“The President and the Assassin: McKinley, Terror and Empire at the Dawn of the American Century” is Scott Miller’s 2011 tale of McKinley’s presidency – and of his assassination. Prior to writing this book Miller spent almost two decades as a correspondent for Reuters and the Wall Street Journal.
Two things are immediately obvious to readers of this popular history. First, despite the fact it covers much of McKinley’s life in one form or another, this is not a traditional biography. Rather, it is two-books-in-one, alternating between story lines involving President McKinley and Leon Czolgosz (his assassin).
Second, Miller is a natural storyteller and not a historian. He draws the reader into the narrative by vividly setting each scene; his style is perfectly calibrated to maintain interest. Rather than recounting tedious historical facts, Scott simplifies the landscape and engages the reader by dramatically describing the two Americas of McKinley’s day: one controlled by large corporations and another comprised of a working class struggling to survive on poverty-level wages.
The book alternates between chapters focused on McKinley’s presidency and others focused on Czolgosz. Unfortunately, in order to fit McKinley into his narrative the author oversimplifies him as completely captive to big business and largely oblivious to the plight of the poor. Almost completely ignored are McKinley’s long-held views for strong tariff protection in sympathy with the working class.
The thread involving Czolgosz is a fascinating (if depressing) description of the economic circumstances which led to increasingly frequent, and violent, labor unrest during this period. One can almost sense John Steinbeck’s approval of how Miller handles this aspect of the story. And although the reader never sympathizes with Czolgosz himself, it is impossible not to better appreciate the conditions that led to the era’s labor strife.
The parallel construction Miller employs is interesting and potentially compelling, but imperfectly synchronized. The chapters involving McKinley are often several years ahead of adjacent chapters covering Czolgosz. As the narrative bounces between the two story lines, great care by the reader is often required to avoid confusion over the chronology. Only as the date of McKinley’s assassination approaches do the two timelines converge.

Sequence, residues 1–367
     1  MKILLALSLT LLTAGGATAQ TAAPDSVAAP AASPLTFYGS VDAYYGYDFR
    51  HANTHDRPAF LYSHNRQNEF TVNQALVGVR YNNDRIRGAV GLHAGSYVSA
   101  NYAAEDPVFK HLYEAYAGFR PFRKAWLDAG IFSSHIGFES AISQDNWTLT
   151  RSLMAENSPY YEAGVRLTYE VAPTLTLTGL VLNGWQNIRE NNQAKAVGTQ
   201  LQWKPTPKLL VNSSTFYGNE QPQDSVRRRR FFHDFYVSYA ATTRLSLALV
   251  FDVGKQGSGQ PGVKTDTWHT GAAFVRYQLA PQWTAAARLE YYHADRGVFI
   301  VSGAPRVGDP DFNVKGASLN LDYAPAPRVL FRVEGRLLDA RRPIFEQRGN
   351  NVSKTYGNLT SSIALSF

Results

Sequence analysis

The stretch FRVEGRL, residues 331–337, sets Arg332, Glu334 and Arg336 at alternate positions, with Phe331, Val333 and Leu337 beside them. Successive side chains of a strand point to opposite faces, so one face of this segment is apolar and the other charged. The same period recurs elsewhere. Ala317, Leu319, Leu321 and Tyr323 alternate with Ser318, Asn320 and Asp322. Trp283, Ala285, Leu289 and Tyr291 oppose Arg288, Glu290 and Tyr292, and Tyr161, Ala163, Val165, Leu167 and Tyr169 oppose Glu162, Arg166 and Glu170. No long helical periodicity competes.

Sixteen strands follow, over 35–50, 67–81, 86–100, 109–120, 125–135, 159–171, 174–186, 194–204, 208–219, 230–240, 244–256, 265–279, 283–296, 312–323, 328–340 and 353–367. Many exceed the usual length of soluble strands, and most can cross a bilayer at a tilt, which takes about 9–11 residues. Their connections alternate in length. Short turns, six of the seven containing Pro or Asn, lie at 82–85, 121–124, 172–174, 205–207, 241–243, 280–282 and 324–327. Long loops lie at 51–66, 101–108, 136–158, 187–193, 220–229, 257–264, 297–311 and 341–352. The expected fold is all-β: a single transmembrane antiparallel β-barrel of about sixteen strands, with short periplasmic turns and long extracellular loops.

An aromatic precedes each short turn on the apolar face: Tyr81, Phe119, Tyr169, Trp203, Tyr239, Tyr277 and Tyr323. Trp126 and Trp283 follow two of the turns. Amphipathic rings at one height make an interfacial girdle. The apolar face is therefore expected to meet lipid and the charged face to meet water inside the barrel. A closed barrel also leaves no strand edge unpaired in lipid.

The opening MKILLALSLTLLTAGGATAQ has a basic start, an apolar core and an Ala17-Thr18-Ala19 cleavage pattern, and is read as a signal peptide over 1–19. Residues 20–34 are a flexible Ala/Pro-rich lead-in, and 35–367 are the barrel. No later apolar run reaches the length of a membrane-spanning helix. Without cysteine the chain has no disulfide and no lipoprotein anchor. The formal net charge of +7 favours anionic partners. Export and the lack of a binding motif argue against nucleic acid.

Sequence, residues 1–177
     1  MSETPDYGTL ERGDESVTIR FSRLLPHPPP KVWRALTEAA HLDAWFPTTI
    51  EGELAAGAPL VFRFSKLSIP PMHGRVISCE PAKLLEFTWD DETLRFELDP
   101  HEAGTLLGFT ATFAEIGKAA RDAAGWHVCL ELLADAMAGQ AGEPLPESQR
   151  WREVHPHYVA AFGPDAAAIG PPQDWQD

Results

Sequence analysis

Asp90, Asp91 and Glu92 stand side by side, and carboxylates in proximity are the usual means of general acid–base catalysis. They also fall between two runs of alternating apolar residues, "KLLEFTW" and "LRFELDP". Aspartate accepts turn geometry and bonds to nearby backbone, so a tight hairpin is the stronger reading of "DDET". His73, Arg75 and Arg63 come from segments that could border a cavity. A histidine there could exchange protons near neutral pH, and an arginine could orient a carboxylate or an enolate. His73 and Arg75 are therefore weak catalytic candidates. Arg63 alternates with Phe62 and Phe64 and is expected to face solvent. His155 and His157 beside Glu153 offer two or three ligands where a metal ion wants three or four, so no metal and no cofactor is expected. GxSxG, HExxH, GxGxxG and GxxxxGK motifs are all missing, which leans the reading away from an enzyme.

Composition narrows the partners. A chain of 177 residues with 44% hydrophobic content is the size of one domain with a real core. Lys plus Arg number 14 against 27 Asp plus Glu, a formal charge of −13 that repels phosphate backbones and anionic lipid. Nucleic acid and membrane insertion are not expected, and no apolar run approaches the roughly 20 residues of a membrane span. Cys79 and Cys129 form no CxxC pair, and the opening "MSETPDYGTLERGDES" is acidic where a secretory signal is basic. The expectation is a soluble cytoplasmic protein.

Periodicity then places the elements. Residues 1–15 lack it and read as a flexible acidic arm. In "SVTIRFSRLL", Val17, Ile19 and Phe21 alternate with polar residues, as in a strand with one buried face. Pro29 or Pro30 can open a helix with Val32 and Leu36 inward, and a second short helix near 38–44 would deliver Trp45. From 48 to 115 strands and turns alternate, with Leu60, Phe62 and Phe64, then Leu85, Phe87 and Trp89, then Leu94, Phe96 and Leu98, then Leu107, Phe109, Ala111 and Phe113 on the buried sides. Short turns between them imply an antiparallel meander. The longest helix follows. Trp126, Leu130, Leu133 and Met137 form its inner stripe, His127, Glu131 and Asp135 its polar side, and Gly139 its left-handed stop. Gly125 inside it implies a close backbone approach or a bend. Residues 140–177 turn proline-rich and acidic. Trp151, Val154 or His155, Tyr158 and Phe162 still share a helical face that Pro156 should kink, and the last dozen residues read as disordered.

To his credit, Miller does a far better job than most biographers in describing the American conflict with Spain over Cuba and the Philippines. His ability to boil complicated issues down to their most colorful and comprehensible essence is admirable. But in simplifying history, he often ignores or overlooks important (if tedious) nuances that are critical in really understanding a particular issue.
But what is really missing from Miller’s book is a more complete portrayal of McKinley himself. His pre-presidency is only briefly addressed. His formative political years in Congress and as governor of Ohio, in particular, are given only cursory coverage. In addition, interesting (and revealing) moments are missed such as his cabinet-building process, his domestic policy efforts while in office, and his relationships with his ailing wife and most important political advisers.
Despite these handicaps, however, Miller has authored a fast-paced and captivating book about the convergence of McKinley’s life with that of a disaffected anarchist who prematurely ended this president’s second term in office. Judged as a comprehensive and critical biography of McKinley and his evolution as a politician (a role it does not feign to assume) this book falls far short. But as a popular history focused on the events leading to McKinley’s assassination, Miller’s book is endlessly engaging and entertaining.
Overall rating: 3¾ stars